Employers are often confronted with the fact that the leave due for a given year has not been fully used by the employee. The question then arises as to whether the unused leave can be “carried forward” to the following year, ie whether it is possible for the employee to take part of his leave in the following year or possibly redeem it in cash.
Under the Labor Code, leave must be granted by the employer in the year in which it is due. This means that leave cannot be collected and that it is not possible to take several years’ leave and stop working for several months at the same time.
However, there are exceptions when it is possible to carry over untaken leave to the following year. These are the following:
- Leave shall be deemed to have been granted in the year due if its use begins in the year due and the part of the leave granted in the following year does not exceed 5 working days.
- If the leave began on or after 1 October, the employer may grant the leave until 31 March of the year following the due date.
- According to a written agreement between the employer and the employee, additional leave after age (1-10 working days) can be granted until the end of the following year. It is important that this requires the prior and written agreement of the parties.
- In the case of an exceptionally important economic interest or a reason directly and seriously affecting its operation, the employer may change the date of the leave, interrupt the employee’s leave, or, in the case of a collective agreement, issue a quarter by 31 March of the year following the due date.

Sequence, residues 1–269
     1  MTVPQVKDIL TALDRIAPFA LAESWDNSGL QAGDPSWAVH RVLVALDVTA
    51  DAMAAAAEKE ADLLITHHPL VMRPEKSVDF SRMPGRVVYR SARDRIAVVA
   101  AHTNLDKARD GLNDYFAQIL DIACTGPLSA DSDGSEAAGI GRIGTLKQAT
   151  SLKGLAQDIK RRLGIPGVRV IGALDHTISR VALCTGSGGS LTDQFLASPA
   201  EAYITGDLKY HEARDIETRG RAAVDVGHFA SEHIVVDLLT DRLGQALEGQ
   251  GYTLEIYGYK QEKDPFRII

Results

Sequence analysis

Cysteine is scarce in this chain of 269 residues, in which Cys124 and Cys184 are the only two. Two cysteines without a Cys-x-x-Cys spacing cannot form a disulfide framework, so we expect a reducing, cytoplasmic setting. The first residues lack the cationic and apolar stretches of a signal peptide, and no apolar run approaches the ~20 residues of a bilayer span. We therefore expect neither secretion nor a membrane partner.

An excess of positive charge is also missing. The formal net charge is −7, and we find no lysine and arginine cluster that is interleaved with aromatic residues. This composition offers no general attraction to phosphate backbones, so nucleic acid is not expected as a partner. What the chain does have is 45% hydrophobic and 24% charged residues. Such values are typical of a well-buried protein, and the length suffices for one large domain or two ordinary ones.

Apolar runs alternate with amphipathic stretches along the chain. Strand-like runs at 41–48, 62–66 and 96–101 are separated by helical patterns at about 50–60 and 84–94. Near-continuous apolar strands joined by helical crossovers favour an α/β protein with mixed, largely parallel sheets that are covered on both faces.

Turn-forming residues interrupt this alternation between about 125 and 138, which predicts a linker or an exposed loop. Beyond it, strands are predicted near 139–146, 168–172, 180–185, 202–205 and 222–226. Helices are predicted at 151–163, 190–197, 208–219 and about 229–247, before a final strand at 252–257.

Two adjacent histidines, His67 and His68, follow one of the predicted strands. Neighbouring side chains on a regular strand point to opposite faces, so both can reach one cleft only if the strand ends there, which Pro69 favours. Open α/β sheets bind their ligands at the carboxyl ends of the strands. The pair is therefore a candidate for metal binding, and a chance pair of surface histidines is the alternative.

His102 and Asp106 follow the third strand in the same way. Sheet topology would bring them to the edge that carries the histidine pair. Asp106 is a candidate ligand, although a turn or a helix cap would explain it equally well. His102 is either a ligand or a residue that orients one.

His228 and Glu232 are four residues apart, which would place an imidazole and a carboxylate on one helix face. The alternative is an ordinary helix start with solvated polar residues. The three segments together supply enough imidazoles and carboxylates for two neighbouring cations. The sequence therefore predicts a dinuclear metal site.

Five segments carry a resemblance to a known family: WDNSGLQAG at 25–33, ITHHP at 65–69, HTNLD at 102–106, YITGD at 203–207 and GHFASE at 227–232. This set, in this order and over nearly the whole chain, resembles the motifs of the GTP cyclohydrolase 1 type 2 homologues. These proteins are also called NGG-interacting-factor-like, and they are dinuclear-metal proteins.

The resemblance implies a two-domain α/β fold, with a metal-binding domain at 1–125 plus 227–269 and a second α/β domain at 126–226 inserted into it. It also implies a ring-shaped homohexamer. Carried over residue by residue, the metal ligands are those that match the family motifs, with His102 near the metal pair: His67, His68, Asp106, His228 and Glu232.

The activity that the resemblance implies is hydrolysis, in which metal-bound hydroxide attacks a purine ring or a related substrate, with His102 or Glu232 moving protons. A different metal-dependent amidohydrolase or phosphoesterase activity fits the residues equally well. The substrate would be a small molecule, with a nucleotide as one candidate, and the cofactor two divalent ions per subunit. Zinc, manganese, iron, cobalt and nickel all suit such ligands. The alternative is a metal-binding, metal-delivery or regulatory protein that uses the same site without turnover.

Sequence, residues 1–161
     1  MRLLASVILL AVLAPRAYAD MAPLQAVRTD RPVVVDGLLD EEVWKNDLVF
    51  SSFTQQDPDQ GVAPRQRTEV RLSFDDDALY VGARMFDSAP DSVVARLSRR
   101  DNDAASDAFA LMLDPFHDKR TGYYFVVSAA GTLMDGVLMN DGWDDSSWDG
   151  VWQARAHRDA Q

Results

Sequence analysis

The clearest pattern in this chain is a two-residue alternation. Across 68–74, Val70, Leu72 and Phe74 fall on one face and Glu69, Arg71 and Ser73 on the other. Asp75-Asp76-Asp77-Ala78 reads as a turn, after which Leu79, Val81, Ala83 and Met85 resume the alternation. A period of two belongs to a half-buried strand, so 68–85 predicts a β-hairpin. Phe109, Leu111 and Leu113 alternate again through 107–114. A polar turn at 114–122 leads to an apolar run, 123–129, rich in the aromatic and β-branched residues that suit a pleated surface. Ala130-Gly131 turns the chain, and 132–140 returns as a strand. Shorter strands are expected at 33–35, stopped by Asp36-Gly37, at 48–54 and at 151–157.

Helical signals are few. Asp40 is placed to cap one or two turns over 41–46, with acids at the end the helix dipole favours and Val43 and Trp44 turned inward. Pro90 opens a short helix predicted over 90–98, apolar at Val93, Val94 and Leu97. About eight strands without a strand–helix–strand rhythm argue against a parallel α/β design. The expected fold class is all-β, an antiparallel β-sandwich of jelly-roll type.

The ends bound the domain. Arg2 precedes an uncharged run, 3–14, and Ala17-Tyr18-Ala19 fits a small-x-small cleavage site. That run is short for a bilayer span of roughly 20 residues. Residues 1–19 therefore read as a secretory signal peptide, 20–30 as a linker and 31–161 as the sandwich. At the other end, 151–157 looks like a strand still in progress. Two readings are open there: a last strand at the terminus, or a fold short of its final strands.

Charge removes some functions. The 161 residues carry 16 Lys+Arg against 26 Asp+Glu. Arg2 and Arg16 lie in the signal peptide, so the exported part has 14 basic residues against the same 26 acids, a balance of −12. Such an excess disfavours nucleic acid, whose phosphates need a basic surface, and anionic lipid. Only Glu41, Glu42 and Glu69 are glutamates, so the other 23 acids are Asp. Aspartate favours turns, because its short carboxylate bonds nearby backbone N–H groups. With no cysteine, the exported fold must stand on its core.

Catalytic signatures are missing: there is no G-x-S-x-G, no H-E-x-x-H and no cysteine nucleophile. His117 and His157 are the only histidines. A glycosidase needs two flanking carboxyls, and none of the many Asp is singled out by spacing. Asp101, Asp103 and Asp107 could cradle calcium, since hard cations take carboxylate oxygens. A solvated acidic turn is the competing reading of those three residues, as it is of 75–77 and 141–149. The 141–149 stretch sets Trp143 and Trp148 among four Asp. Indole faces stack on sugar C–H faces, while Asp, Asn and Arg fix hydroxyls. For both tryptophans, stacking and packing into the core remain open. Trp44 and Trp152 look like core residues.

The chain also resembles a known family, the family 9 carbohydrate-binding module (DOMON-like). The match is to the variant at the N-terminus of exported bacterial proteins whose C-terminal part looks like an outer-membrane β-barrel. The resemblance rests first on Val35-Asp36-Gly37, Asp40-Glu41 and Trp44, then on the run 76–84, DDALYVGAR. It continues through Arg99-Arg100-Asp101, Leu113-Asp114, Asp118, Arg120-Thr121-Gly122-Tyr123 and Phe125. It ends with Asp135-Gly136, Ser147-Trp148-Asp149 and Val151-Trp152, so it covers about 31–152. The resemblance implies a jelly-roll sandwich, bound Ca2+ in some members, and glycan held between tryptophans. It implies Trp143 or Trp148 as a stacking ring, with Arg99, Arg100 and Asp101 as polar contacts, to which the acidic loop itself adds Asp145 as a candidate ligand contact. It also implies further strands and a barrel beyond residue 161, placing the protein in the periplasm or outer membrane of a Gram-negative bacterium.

- If the leave cannot be granted in a given year due to a reason on the part of the employee, the employer must take it within 60 days of the end of the reason.
There may, of course, be a case where the above exceptions do not apply but the worker still has unused leave. The question then arises as to the monetary redemption of freedom. Redemption of leave in cash is possible only if the employment relationship has been terminated and the employer has not granted proportional leave. So, if the employee has retained his leave but his employment has not been terminated, there is no possibility for the employer to give money instead of the leave.
Based on the above, the question of what an employee can do if he or she has not received all his or her leave on time and cannot redeem it in money is legitimate. Leave must be granted by the employer – as this is his responsibility – so if it can no longer be done in compliance with the law, he must still give the employee the freedom he is entitled to.